How to: Make DIY Shrinky Dinks

By: Chrisjob Aug 08, 2007

created at: 03/27/2013

My parents are both science teachers: which means they always ruined the secrets to magic tricks, they forced me to identify every tree by leaf and bark type, and we always created our own versions of ‘science-y’ toys. We used to cook our Easy-Bake Oven meals with foil and a light bulb, and created our own slime with cornstarch and food coloring.

And, when we wanted our own shrinkable art, did we get the sweet pre-printed HeMan or Strawberry Shortcake sheets? Nope. We freehanded it on blank sheets of plastic, and copied the designs from coloring books. (Luckily, neither of my parents could draw, or else we might have had hand drawn versions of those, too.)

The process is simple. I don’t know what kind of Shrinky Dinks are available, if any, but I’ll always be able to make some on my own… I guess my parents actually taught me something. Nuts.

   - Clean #6 Plastic
   - Permanent Markers
   - Scissors
   - Aluminum Foil
   - Oven and Tongs or Oven Mitt

1. Obtain a piece of #6 plastic (polystyrene). Most clear containers at salad bars, delis, and grocery stores will work. Just flip it over and look for a “6” inside the recycling arrows. If you ask nicely, they’ll usually give you a fresh one.

2. Cut any excess plastic away to make a flat sheet (use both the top and the bottom), and recycle the excess.

3. Draw or write your desired image or text on your plastic canvas using permanent markers. The total image will shrink to about a third of its original size, and five or six times its original thickness. (My parents, of course, would make us measure before and after, and figure how much it had changed.)

4. Pre-heat your oven to 350°, and place a rack in the lowest position. Create a “tray” out of the aluminum foil by bending up the sides. Technically, you could cover a baking sheet with foil, but  the thinner surface allows for more direct heat and quicker shrinking.

5. Place your art in the tray, then use the tongs or an oven mitt to place the foil on the bottom rack.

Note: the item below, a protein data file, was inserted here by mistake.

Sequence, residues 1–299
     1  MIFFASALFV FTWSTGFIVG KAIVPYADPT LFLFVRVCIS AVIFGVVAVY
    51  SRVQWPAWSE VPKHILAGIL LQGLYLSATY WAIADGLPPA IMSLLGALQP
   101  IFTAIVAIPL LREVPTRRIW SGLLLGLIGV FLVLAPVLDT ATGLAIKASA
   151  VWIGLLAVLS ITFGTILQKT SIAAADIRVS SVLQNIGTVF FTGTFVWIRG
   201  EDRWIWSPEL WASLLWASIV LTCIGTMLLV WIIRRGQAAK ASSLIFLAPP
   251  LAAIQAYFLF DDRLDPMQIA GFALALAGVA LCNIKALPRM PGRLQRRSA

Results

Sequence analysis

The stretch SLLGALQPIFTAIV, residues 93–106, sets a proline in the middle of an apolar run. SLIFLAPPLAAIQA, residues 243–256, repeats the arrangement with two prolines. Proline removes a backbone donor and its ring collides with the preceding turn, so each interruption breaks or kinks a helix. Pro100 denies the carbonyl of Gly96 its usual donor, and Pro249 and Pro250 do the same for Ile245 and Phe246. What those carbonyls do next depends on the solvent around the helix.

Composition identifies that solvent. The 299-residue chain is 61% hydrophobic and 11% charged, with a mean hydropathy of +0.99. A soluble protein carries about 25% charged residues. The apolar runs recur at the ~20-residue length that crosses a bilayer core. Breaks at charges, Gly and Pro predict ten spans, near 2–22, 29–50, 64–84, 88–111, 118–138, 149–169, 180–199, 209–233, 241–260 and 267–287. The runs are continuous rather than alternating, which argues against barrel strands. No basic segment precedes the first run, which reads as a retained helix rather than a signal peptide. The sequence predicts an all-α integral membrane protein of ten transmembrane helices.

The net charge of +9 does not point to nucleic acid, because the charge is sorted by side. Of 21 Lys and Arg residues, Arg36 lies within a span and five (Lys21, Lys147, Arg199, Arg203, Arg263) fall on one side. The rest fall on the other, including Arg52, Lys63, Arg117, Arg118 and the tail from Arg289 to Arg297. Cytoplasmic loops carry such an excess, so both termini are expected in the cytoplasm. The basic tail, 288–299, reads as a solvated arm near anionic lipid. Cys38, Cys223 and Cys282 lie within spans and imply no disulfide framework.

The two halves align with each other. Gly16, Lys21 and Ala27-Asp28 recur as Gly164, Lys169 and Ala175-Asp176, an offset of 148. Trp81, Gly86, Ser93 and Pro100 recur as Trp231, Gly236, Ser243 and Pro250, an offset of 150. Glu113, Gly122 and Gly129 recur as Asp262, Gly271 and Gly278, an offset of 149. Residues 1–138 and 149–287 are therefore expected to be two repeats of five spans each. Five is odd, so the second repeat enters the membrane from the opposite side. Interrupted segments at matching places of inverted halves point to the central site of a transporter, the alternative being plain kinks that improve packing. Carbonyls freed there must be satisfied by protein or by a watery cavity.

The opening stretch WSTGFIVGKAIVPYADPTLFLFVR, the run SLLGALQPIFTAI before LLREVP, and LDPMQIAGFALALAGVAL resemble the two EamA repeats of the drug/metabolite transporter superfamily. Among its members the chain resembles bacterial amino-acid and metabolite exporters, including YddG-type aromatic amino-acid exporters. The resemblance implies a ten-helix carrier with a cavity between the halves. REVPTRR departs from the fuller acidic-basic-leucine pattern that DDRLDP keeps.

6. For the first minute your art will curl up all crazy-like, but soon, it will flatten itself out. If you have an oven door through which you can see, then just keep an eye on it. If your door is solid, open it just slightly (as you would do when broiling) after 90 seconds. Total time for a large piece (5-6” starting size) will be about 3 1/2 minutes.

7. Using the tongs or oven mitt, remove the tray. At this point, it’s still plyable, so if you want to flatten it more, or add waves or bend the corners, do so CAREFULLY within the first ten seconds.

8. Now, you can do as you please. It’s still cut-able, sand-able, drill-able, glue-able, and plenty more. Attach it to jewelry, make a luggage label, or even a guitar pick!

Please include more application ideas in the comments below. Cheers. 

Interested in other creative craft ideas? Try this Hot Rock Crayon Art project:

created at: 03/27/2013

Or maybe you want to do another science project? Check out these homemade replacements for household beauty items:

created at: 03/27/2013

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I can't wait to do this with my nieces and nephews. I'll use jump RI go and make necklaces or key chains. I made these when I was a kid!!!

Those darn parents-making you LEARN stuff!! 

Great blog!! Wish I had seen it before buying the 'shrinky dink' plastic. The shrinky dink plastic is already roughed up and you can use anything to color on them; hard to write/trace on though.  I like the #6 plastic idea. The smooth surface makes it much easier to trace on (I cannot draw free-hand).